3 reasons to use Firefox instead of Safari

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When I first got a Mac, I was all for using Safari. I liked its integration with Keychain, the way it looked and the way it operated. Those things haven’t really changed, and in fact Safari has been getting better and better the longer I’ve used a Mac. I use 1Password now to manage my identities, passwords, forms, etc. and once I switched back to Firefox for a while, I started to notice that I had begun to use it differently than I had in the past because of some of the powerful tools available. That being said, Safari isn’t so far behind. There are really only a few reasons why I continue to use Firefox instead of Safari and I thought I’d share them with you.

1. The Awesome Bar

Mozilla likes to call the location/address bar the “Awesome Bar” and I’m not really going to argue with them, because I use it constantly and I do think it’s pretty awesome. When I do happen to find myself in another browser, I tend to try to use the address bar in the same way and inevitably end up annoyed. This is generally the first feature I miss. Basically, in Firefox the bar uses your browser history, sites you may have bookmarked with tags, etc. to autocomplete addresses. This means that I can often find things incredibly quickly just by typing in a series of very vague words into the bar. For example, when I’m sweating away at my keyboard and am contemplating taking action against the heat and want to remember that site I read about homebrew air conditioning, instead of looking it up on google or searching through my bookmarks, I just type in “homebrew ac” to my Awesome Bar and hit enter, and it brings up the site I want. On a similar note, it even seems to find things that aren’t in my history, I assume by using Google. I use this often when I know something’s not going to be hard to find, for example if I wanted to look for Robin Hobb’s Wikipedia entry, I don’t have to type it out or search for it on Wikipedia. I can just type “wiki Robin Hobb” into the Awesome Bar and Firefox brings me there.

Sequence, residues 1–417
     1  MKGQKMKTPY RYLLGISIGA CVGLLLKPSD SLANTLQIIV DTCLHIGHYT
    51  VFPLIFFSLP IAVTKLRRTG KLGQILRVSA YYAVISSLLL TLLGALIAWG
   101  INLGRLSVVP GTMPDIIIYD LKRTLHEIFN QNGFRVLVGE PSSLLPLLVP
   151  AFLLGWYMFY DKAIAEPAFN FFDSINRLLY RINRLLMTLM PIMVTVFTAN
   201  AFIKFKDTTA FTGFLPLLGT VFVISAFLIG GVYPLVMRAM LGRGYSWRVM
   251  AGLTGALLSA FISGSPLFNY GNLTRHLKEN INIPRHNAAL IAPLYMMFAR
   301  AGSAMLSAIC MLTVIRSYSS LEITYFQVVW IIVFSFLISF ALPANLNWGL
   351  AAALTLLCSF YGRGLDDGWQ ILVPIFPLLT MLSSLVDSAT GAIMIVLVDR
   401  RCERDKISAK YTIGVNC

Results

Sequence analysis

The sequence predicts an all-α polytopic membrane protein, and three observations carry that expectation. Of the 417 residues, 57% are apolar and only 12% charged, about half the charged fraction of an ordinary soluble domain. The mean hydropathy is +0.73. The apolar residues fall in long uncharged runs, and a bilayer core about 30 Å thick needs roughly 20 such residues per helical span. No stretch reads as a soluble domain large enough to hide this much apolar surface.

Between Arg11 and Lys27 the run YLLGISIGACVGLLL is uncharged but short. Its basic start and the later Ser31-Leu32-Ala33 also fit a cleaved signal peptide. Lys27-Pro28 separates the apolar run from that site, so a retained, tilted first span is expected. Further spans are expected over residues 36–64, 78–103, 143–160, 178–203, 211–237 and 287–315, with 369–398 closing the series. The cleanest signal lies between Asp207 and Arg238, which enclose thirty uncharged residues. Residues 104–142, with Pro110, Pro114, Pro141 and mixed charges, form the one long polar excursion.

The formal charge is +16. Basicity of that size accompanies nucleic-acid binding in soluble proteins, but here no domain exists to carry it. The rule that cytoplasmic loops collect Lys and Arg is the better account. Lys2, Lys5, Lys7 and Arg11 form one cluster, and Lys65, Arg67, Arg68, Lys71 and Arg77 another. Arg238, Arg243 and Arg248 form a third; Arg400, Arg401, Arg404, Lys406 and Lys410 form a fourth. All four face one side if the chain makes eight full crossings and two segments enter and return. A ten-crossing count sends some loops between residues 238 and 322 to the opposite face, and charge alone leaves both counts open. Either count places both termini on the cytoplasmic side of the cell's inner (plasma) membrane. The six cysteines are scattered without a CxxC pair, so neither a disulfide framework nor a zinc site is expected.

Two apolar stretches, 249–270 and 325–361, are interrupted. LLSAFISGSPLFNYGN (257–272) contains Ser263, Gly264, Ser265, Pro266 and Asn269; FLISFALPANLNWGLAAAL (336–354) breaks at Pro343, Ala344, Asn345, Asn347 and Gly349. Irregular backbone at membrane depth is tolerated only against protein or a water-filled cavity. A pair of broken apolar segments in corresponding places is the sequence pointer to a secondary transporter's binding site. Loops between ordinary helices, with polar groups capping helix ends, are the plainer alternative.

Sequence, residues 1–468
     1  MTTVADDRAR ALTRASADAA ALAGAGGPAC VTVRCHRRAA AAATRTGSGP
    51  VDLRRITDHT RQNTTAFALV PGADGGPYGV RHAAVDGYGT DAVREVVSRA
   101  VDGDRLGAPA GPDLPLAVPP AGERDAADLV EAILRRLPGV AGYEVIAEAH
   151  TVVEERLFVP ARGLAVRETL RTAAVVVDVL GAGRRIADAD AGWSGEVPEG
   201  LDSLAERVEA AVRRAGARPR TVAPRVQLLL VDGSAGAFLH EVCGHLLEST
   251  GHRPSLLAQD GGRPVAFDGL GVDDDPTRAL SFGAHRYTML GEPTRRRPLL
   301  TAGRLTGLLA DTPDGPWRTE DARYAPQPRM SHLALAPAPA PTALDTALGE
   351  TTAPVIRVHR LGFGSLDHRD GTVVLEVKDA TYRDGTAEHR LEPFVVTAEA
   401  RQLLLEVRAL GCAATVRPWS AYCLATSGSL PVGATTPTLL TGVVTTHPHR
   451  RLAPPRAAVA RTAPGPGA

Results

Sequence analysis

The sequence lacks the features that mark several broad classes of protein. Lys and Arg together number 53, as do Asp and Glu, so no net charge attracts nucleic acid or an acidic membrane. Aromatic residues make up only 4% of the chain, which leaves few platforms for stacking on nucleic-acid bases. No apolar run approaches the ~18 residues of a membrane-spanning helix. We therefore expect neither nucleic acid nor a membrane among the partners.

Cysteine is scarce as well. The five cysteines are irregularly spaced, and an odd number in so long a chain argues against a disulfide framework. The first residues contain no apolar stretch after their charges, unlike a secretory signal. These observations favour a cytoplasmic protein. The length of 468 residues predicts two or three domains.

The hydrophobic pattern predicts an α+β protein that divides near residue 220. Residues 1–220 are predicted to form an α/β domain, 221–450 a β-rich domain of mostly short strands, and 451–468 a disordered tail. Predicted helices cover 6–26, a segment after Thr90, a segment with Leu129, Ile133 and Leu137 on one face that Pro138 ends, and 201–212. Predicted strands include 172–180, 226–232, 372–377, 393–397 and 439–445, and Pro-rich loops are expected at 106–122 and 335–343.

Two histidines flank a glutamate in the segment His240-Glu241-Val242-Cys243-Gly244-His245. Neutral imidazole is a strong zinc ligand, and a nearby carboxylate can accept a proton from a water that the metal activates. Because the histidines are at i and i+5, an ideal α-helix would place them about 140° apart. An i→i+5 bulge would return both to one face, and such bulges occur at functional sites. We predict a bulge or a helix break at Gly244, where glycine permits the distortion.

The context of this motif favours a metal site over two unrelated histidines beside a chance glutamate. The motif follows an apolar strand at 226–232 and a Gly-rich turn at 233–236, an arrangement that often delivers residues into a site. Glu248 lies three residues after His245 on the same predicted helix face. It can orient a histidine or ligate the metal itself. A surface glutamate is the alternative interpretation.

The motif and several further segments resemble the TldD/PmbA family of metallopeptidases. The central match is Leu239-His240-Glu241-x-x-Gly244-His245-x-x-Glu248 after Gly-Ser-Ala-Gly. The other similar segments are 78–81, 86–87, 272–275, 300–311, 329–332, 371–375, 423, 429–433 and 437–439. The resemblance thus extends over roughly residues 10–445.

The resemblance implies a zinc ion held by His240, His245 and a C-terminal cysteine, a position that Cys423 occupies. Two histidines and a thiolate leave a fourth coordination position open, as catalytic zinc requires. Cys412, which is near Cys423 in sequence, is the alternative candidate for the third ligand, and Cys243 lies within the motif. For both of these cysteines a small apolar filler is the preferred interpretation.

2. Add-ons

With Safari, I just don’t have this option. There isn’t a huge group of people doing awesome things to add to the functionality of Safari, but with Firefox, that is all very easily accessed. Sometimes I just like to head over to the Add-ons page and see what is new or popular to try them out, but right now I’ve got around 10 installed. Most of them are tools for web development or productivity tools, but I’ve also got a couple in there for social networking/bookmarking as well.

3. Ubiquity

Technically, Ubiquity should be considered a subset of the Add-ons section, but it is so important to the way I choose to do things that I thought it made sense to have its own description. Ubiquity is something like Quicksilver for the Mac. If you’ve ever used it, you’ll start to get an idea of what I’m talking about here. Essentially, Ubiquity is a hotkey activated tool which performs actions within the browser in a quicker, more effective way. It’s hard to describe in exact terms what Ubiquity does, because it could potentially do anything with in the browser, given the chance. You can write your own commands and UI for it, but generally the idea is the same. It pops up quick activated, and awaits your input. You can use it do update statuses on social sites, translate chunks of pages, look up maps for selected addresses, look up wikipedia entries, do searches, perform mathematical calculations, get reviews, perform browser tab actions, format text, interact with webmail and calendars, check weather, and lots of other things. It is quick, uses fairly plain intuitive language, and is under active development and continues to improve. If there is one Firefox Add-on you should install, it is this one.

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